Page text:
A book that tells a story like the battle of Arnhem through the eyes of 3 different veterans is a good idea. The story of how soldiers operated tactically on the ground, and the problems they faced in achieving their objectives, should make for a compelling read. This is especially true when an operation doesn't go according to plan, both because of the improvisation required by the soldiers and also the human drama that normally accompanies the chaos of unexpected battles.

However, while We Fought At Arnhem focuses to a certain extent on the groups that included the 3 veterans, it mainly details the problems that were faced by the Allied forces in general and how the problems of individual units combined to cause the ultimate failure of the operation. This is not a bad thing in and of itself, but the book claims a different proposition, one which it does not deliver. There is much too little heard from the men themselves - interviews interspersed with some background when necessary would have been far more effective at telling their story - and the book assumes a good knowledge of the geography of the area and a decent understanding of military structure. I kept looking back to the maps included to find that places that were mentioned repeatedly weren't shown on any maps, and the various troop movements didn't seem to correspond to the map images. Also, the myriad divisions/brigades/regiments that are mentioned left me constantly querying Wikipedia to try to understand how the structure fitted together. Is it too much to ask to include a page, as some other books do, that gives a brief outline of the number of men in a unit and how the formation is built (e.g. x platoons in a company, y companies in a battalion, z battalions in a regiment, etc)?

Ultimately, We Fought At Arnhem was a good idea, but not one that was delivered very well, which ironically mirrors the situation at the battle of Arnhem that the author was trying to describe.
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5.0 out of 5 stars first hand account of a brilliant yet tragic event, 14 Feb 2013
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Michael Byrne (Kent, England) - See all my reviews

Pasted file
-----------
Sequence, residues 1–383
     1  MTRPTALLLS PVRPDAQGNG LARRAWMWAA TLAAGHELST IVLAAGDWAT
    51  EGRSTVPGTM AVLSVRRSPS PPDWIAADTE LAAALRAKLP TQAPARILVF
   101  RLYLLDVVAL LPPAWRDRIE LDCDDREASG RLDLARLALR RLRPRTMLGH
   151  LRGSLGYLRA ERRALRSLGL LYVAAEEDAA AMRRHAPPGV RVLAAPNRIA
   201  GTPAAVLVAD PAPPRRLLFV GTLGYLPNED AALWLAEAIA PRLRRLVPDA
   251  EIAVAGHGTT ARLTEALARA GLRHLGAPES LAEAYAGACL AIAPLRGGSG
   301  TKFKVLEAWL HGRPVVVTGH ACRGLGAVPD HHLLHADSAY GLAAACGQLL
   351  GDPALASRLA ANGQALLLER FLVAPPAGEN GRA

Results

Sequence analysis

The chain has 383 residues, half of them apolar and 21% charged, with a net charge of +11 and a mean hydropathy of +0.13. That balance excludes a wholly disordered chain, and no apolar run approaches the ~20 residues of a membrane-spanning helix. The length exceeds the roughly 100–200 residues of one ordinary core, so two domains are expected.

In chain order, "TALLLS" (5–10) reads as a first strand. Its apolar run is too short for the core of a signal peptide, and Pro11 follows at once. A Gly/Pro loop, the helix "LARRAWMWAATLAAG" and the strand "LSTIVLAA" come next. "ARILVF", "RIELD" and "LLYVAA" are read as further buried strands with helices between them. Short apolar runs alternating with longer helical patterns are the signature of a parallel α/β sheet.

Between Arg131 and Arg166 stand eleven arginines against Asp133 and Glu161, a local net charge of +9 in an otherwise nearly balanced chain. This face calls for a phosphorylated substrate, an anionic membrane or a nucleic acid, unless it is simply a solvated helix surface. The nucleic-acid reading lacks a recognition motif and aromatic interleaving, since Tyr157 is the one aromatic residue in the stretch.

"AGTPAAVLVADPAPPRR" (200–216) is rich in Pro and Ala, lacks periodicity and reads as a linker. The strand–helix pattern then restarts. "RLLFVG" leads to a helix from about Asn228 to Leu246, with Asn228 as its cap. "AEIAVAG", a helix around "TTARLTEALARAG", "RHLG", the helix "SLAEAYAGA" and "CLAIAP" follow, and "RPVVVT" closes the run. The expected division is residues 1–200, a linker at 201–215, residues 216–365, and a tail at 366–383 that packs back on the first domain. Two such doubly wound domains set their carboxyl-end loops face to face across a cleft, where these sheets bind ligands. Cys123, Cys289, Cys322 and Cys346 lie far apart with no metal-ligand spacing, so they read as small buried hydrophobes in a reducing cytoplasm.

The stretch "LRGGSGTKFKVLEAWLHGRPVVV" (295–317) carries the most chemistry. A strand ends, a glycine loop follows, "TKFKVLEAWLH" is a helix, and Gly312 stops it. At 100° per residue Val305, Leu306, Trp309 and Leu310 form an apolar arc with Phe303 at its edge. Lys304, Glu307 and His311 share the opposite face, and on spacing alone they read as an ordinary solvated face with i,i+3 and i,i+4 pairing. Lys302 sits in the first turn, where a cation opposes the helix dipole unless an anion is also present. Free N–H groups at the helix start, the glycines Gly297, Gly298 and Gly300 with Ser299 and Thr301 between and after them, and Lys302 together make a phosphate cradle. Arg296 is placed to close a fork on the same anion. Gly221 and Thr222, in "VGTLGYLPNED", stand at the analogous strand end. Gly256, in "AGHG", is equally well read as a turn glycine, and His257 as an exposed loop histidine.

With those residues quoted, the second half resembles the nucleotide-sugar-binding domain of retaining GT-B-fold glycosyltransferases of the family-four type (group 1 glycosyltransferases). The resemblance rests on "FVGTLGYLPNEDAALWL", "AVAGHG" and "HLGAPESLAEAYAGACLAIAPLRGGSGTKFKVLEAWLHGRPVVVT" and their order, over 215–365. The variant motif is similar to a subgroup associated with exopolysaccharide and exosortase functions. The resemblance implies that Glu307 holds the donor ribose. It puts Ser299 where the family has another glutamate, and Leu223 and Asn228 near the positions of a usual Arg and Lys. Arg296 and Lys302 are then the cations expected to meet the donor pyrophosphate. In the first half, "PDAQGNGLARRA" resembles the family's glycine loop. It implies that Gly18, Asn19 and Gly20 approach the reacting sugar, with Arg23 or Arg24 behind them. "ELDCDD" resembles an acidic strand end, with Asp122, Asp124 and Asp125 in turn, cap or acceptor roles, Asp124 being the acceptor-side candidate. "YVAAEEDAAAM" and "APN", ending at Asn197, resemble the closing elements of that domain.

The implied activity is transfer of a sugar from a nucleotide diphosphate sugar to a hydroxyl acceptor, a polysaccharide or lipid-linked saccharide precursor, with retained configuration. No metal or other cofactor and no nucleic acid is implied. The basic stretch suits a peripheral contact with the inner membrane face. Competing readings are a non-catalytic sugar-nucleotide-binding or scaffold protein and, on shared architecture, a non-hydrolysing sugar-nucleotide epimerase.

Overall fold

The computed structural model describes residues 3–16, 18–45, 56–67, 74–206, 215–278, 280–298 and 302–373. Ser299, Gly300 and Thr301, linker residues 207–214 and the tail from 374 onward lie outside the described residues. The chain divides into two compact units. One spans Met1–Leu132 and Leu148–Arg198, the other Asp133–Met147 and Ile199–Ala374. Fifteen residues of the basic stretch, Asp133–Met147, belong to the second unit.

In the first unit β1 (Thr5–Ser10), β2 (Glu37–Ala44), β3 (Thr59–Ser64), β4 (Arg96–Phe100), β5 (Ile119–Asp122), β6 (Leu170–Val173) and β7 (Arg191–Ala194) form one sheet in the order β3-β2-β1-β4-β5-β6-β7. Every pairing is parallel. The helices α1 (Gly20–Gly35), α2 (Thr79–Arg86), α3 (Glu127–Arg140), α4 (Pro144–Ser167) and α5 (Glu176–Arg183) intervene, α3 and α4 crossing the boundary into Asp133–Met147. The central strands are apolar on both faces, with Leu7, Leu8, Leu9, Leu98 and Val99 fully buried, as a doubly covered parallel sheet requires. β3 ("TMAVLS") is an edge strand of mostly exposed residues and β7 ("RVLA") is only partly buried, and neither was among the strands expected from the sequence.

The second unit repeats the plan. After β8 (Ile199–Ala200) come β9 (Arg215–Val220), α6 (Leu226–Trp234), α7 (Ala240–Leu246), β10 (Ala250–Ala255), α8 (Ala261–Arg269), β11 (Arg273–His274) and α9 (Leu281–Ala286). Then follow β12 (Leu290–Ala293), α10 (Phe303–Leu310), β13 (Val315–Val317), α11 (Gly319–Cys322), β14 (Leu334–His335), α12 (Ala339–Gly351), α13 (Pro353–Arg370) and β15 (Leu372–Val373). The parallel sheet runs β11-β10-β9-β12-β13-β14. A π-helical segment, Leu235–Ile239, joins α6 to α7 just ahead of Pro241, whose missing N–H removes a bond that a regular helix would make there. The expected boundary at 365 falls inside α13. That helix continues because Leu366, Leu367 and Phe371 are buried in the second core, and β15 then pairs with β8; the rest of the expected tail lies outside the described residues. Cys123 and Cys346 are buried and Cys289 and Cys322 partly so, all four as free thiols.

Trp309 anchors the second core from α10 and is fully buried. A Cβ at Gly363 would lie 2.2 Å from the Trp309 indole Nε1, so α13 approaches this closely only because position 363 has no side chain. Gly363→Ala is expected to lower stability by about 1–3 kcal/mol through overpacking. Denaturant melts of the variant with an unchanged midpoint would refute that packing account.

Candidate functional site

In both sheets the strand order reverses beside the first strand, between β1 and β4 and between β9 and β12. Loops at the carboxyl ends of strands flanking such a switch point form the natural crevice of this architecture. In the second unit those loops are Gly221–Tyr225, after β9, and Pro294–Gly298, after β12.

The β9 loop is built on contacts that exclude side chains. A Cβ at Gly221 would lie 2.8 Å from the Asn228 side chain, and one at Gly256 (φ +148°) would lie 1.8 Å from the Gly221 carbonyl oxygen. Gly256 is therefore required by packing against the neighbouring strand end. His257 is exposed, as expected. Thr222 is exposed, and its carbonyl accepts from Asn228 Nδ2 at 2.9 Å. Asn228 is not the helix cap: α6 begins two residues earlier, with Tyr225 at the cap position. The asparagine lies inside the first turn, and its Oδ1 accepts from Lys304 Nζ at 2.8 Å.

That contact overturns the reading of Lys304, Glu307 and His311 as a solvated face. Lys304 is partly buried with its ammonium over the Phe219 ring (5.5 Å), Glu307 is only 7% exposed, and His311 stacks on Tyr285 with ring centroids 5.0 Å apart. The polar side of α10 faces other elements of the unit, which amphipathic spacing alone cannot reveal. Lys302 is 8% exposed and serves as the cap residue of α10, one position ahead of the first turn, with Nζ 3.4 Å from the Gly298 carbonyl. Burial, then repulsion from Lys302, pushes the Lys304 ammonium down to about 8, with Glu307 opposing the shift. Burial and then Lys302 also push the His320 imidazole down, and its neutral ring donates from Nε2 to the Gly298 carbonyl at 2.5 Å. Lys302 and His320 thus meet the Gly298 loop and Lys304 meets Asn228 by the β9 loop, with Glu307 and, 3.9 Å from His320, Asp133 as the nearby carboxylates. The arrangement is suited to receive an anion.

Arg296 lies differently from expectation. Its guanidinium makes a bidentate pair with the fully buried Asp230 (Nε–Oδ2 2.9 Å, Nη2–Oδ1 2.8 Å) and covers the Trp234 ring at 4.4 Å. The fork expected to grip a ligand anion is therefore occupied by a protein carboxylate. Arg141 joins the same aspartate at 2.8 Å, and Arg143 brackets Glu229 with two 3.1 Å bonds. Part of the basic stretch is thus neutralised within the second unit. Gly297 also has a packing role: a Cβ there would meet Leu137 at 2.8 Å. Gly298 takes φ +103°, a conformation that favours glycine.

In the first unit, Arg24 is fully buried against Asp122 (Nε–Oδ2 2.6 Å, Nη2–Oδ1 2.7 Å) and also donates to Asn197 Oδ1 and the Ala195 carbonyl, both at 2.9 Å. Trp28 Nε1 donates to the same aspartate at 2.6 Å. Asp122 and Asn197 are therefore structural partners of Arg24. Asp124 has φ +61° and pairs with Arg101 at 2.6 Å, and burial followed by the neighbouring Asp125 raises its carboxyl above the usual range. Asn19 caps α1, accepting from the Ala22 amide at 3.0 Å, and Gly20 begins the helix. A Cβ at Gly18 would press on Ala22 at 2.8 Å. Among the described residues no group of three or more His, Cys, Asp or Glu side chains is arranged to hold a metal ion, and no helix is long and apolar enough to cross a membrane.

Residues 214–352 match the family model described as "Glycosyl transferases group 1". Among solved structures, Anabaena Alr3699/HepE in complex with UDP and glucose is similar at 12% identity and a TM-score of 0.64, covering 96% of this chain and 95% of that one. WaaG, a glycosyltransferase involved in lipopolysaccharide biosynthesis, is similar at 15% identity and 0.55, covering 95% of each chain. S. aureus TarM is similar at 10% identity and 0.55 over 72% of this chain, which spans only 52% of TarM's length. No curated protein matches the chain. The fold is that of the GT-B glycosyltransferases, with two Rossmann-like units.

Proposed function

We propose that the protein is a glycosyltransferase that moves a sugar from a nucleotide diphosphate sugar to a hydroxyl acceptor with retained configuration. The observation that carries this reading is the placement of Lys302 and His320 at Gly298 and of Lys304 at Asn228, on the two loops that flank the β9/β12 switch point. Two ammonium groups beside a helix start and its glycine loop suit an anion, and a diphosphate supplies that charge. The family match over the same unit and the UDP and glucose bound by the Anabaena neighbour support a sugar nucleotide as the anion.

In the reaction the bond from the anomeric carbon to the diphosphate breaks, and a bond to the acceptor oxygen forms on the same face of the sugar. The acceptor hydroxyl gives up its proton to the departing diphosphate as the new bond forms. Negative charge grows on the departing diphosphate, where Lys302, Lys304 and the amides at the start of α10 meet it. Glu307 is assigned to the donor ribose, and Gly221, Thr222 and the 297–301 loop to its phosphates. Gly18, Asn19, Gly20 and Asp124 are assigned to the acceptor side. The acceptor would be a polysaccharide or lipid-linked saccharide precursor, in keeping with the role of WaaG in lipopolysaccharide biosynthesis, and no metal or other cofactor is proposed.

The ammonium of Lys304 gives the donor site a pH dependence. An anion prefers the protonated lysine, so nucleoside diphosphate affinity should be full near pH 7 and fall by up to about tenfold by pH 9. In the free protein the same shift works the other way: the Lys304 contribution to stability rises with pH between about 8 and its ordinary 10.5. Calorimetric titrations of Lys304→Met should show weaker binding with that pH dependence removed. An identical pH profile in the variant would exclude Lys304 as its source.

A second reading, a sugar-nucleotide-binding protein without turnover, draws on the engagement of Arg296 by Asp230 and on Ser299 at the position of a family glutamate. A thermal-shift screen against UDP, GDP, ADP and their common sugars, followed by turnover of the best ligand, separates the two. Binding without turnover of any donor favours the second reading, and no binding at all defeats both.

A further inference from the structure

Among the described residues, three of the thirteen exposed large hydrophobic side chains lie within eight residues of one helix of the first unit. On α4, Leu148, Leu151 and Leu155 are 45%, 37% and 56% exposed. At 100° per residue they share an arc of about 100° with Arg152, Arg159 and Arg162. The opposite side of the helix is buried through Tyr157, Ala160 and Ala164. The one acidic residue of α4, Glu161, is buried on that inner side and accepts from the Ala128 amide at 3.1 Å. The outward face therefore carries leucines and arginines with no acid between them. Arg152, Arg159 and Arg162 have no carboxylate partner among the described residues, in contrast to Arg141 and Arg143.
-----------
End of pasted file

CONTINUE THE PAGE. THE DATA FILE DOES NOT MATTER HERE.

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This review is from: We Fought at Arnhem (Paperback)
If you have an interest in this battle then this book will put you there. An excellent first hand account of the whole action from different viewpoints and gives a great overall depiction of the truley courageous actions by those brave brave boys and men in the now famous Operation Market Garden.

This account is however only litely sprinkled with the personel accounts of the three Paras shown in the book. DO NOT let this put you off. If you want a first book to read on this epic battle this will cover all the bases.

Easy to read and follow a very good book.
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4 of 6 people found the following review helpful
1.0 out of 5 stars Better Arnhem books out there, 10 Sep 2011
By 
This review is from: We Fought at Arnhem (Hardcover)
Have to disagree with these reviews, as the book is riddled with mistakes.

For example, p85 the Author mentions 6 Para Brigade - no such formation ever existed, it was the 6th Airlanding Brigade.

P185 - Colonel Dobie of the 3rd Battalion - Dobie was in command of the 1st Battalion.

P358 - mention of a General Kissin - should be Kussin.

It does make you wonder if this Authors other books are also riddled with such mistakes.... was this not proof-read for facts? Or checked by an expert?

I could go on, but I don't really want to waste my time.

The idea of the book seemed good - to get a better look at Arnhem, but unfortunately, this has not really worked.
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We Fought at Arnhem
We Fought at Arnhem by Mike Rossiter (Paperback - 26 April 2012)